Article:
Ray Wylie Hubbard, revisited

Back in January 2006, I was skiing with Caroline and Megan (I only had one Megan in my life at that time) at Stevens Pass. I decided to cut across a bend on the easy groomed trail we were on, and found myself in deep powder. Being the lousy intermediate skier that I am, I buried my right tip in the snow and snagged an unseen rock or branch that was lurking beneath the snow. My ski stopped suddenly, and I was launched forward into a face-plant. By the time my lovely daughters quit laughing at me, I realized that something was very wrong. I had broken my ankle.

24 hours after my ski patrol toboggan ride down the mountain, I was at home with my foot in a cast, watching TV, and wondering what I was going to do for the next 6-8 weeks of no load bearing on that foot. I discovered the Sopranos on HBO and binge-watched (before binge-watching was fashionable) the first two seasons in just a few days. Then I managed to rent another season from the local (now long gone) video store. What next? I read a book or two, and then decided enough was enough. I was going to go on a road trip.

A good friend of mine was dying in Jackson, MS, and I wanted to see him before he shed his mortal coil. I had acquaintances in New Orleans, and I figured that while was in the area, I do some disaster tourism five months after Katrina. And on the way there, I could easily plan my route to go through Austin, TX and see some of my favorite musicians. I checked out the schedules of a few of them and saw that RWH was playing at the Old Quarter Cafe in Galveston in the time frame that I’d be in the area.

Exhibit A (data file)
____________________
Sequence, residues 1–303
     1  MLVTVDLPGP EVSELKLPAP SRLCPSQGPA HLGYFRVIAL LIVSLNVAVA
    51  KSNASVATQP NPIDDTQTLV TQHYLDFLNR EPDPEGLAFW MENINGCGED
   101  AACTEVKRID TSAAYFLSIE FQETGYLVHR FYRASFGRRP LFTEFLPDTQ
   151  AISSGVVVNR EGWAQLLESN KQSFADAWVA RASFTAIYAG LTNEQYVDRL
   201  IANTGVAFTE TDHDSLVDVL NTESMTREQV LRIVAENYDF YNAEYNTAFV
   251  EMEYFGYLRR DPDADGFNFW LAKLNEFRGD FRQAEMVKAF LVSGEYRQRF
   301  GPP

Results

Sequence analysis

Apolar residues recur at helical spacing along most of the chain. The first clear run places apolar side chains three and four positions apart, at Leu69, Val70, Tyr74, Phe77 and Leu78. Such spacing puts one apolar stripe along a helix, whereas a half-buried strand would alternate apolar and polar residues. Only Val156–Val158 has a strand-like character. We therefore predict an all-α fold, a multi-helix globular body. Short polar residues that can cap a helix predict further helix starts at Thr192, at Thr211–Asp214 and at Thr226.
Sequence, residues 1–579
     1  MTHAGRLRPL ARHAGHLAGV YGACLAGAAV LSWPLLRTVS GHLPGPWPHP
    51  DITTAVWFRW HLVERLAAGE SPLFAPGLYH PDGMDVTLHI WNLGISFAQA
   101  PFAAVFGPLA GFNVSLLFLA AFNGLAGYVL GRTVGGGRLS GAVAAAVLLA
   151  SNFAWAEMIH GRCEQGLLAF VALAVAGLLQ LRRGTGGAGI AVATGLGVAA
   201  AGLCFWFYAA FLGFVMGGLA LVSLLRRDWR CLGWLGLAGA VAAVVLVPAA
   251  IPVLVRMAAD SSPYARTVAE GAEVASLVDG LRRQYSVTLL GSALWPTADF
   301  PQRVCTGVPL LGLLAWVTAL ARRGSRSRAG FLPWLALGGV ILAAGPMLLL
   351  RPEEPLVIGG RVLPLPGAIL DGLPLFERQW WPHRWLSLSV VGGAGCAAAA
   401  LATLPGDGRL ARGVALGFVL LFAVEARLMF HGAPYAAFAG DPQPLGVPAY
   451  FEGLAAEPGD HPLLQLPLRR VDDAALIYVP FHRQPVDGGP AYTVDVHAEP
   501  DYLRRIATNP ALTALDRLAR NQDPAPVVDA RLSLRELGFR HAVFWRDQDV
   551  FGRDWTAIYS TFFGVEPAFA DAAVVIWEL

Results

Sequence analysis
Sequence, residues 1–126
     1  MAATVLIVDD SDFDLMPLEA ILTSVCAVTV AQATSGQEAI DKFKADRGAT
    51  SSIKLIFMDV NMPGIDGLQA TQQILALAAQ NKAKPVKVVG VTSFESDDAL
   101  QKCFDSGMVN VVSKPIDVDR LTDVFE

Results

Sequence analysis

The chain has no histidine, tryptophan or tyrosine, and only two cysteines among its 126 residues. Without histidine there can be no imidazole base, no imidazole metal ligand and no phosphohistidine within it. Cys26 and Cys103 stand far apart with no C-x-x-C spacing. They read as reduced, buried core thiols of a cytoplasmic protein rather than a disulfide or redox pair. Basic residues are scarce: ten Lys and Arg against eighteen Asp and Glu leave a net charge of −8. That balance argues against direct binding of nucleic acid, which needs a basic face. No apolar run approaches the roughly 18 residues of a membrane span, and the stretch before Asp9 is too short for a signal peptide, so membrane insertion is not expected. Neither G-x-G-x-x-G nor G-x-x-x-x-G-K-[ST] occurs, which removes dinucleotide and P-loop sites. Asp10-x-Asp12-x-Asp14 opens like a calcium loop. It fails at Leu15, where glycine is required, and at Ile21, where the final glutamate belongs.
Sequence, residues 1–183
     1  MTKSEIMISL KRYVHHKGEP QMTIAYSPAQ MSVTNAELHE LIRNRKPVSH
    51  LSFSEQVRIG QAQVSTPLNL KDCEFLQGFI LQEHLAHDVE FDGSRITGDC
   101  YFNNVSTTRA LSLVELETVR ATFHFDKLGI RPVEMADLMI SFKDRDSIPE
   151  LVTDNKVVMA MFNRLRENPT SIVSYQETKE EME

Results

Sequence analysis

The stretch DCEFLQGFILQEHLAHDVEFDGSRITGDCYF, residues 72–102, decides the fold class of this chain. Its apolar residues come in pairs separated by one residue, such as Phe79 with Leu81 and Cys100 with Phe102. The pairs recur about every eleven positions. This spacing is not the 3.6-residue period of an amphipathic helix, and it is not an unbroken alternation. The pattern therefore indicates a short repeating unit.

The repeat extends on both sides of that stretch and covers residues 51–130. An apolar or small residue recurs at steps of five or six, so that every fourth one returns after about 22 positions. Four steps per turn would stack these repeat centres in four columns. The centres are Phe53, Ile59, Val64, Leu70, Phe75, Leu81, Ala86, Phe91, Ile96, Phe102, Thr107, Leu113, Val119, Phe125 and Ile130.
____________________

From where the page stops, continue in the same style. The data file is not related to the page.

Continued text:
After a week or so of cross-country driving, I was in Austin. I saw Ruthie Foster and Eliza Gilkyson, among others, and then went to Galveston. I found the venue, but it wasn’t open yet. I hung around until Wrecks Ball (look him up, he’s an old friend of Townes Van Zandt) showed up and opened up the place. He told me the show was sold out, but I played the injured-fan-from-Seattle card. He relented and let me in. The Old Quarter was a pretty small venue at the time, so I managed to get up close and personal to RWH, and chatted with him between sets. He even autographed one of my crutches.

I carried on with my trip to New Orleans. It was shocking. At that time, there were still appliances and furniture from gutted houses on the streets and lots filled with flooded cars. (I have pictures from that trip somewhere, but I couldn’t find them) Then it was on to Jackson, where I spent a couple of days with my old friend Mark. (He died a month later).

A month later, I was back home again, and finally got rid of the cast. Life went back to normal, or as normal as it ever gets for me.

Fast-forward 10+ years. RWH played at the Tractor last night, and even though he was showing his age, his voice was great, and he put on a fabulous show. He played a lot of old stuff, some new stuff, and kept us well-entertained with his between-song chatter. He closed the show with one of my favorites, The Messenger.

And true groupie that I am, I approached him after the show, and got a photo with him.

rwh

Life is good.

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